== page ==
Biden, Modi meet virtually over Ukraine


President Joe Biden and Indian Prime Minister Narendra Modi held a virtual summit Monday, clouded by US frustration over New Delhi’s neutral stance on Russia’s invasion of Ukraine.

The South Asian nation has tried to walk a tightrope between maintaining relations with the West and avoiding alienating Russia, and has not imposed sanctions over the war.

New Delhi has raised concerns in Washington in particular by continuing to buy Russian oil and gas, despite pressure from Biden for world leaders to take a hard line against Moscow.

India said ahead of the talks the meeting would be about strengthening the allies’ “comprehensive global strategic partnership,” while Washington spotlighted “Russia’s brutal war against Ukraine and mitigating its destabilizing impact.”

The more pointed US statement suggested that a resolute Biden would press Modi to take a stronger line on Moscow during the call.

The state-run Indian Oil Corp. has bought at least three million barrels of crude from Russia since the start of the invasion on February 24, in defiance of an embargo by Western nations.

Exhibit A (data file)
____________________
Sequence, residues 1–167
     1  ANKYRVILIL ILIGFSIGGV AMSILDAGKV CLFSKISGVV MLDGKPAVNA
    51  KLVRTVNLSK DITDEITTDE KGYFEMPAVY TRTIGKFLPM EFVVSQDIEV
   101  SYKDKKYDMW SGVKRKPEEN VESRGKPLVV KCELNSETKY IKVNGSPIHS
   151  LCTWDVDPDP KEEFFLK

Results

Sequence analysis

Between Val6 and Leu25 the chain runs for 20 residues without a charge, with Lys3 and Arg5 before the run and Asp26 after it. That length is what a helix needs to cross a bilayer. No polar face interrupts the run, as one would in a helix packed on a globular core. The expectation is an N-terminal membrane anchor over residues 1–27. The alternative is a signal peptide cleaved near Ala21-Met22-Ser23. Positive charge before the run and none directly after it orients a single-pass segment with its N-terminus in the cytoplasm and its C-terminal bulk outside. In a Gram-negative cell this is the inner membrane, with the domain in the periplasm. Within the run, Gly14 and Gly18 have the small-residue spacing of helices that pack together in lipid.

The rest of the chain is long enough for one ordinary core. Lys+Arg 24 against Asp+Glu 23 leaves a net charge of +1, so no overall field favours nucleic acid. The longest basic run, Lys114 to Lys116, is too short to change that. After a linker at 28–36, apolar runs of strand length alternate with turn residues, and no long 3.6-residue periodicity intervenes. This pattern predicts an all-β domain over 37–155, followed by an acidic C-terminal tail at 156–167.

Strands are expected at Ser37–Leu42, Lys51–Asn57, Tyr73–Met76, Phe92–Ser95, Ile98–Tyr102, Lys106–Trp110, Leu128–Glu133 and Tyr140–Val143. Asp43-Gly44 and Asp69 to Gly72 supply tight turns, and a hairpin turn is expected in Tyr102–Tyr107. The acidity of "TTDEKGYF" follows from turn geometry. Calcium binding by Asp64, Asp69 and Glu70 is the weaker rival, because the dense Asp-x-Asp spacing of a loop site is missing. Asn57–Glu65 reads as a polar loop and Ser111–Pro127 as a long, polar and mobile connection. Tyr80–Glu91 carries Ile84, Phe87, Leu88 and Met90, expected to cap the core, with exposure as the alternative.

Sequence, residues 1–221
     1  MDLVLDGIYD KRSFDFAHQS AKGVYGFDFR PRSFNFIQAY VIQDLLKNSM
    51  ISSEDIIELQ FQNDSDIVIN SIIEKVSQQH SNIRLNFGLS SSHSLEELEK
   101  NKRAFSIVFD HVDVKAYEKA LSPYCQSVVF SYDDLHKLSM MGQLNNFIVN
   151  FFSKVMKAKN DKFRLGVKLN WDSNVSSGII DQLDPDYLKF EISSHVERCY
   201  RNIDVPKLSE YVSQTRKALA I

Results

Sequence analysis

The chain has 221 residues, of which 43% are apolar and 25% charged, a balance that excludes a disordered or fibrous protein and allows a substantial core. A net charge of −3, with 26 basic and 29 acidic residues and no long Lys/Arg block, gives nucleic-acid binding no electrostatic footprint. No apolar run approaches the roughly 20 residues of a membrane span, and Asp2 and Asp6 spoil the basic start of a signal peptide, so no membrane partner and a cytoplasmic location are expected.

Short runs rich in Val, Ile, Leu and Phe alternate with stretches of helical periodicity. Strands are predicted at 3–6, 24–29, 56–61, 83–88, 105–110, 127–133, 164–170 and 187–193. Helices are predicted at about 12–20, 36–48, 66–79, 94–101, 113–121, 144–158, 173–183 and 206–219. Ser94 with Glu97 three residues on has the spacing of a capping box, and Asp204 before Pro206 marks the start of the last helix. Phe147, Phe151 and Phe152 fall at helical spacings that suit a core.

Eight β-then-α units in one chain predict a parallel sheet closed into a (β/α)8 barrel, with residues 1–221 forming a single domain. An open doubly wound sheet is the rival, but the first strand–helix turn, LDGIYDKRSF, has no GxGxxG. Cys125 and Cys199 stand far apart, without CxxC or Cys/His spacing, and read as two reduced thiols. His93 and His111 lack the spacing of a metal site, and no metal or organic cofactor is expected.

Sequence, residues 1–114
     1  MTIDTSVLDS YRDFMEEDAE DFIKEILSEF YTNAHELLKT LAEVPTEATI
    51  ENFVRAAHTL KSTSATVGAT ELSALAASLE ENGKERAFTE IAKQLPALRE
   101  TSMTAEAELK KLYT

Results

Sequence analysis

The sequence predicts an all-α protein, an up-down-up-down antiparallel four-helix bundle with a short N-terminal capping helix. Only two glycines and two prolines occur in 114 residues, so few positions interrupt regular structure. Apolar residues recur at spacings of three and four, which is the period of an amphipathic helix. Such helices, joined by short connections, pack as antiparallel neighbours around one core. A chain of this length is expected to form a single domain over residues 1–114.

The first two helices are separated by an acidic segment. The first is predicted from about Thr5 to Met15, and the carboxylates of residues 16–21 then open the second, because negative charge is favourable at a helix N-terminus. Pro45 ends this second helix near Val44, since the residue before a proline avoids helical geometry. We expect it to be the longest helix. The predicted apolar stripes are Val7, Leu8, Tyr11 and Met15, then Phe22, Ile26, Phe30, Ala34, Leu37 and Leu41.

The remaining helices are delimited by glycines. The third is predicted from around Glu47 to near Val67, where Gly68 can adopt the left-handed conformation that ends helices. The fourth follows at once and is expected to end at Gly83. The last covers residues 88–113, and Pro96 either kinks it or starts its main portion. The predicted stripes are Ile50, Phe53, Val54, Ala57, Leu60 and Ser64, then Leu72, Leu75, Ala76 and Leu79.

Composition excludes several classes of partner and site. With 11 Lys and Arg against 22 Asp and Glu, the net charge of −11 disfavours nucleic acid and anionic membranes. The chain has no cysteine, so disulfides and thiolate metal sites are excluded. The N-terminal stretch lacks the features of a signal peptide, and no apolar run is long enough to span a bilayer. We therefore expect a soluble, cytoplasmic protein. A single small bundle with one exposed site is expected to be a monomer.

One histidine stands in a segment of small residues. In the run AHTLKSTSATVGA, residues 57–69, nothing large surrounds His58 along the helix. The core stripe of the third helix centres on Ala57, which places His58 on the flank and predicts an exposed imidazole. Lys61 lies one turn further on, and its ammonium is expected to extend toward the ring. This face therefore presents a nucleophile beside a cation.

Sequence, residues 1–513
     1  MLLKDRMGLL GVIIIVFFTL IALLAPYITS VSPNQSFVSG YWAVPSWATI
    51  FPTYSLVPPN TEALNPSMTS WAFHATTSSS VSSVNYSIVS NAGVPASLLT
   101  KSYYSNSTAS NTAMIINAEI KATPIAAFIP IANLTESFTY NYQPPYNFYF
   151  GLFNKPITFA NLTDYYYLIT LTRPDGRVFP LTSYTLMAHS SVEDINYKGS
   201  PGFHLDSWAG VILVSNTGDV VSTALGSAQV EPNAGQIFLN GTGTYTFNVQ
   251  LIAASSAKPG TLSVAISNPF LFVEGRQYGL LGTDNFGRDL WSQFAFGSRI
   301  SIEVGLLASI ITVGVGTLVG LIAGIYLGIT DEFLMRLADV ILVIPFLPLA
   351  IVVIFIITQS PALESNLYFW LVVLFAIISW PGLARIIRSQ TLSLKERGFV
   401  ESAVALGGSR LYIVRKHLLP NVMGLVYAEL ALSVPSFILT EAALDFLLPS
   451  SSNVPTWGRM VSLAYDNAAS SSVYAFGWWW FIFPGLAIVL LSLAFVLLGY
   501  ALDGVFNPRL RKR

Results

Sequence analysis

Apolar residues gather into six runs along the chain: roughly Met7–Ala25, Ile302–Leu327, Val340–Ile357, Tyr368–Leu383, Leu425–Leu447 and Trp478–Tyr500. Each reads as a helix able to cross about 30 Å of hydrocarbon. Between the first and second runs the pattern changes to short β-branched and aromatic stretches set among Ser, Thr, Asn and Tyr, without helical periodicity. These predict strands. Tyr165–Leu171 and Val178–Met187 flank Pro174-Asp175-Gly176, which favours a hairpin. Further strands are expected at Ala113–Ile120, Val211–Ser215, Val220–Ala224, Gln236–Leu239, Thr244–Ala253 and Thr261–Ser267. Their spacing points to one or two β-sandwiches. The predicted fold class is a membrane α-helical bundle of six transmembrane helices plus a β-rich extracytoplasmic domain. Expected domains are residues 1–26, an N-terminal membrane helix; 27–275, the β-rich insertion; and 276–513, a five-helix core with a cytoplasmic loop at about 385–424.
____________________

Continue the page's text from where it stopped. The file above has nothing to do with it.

Biden and Modi failed to reach a joint condemnation of the Russian invasion when they last spoke in early March at a meeting of the so-called “Quad” alliance of the United States, India, Australia and Japan.

New Delhi abstained when the UN General Assembly voted last week to suspend Russia from its seat on the 47-member Human Rights Council over allegations that Russian soldiers in Ukraine engaged in war crimes.

India ‘shaky’ on Russia?

The United States has already warned that any country that actively helps Russia to circumvent international sanctions will suffer “consequences.” Yet this has not deterred India from working with Russia on a rupee-ruble payment mechanism to circumvent banking sanctions, while taking advantage of discounted oil prices offered by Russian producers.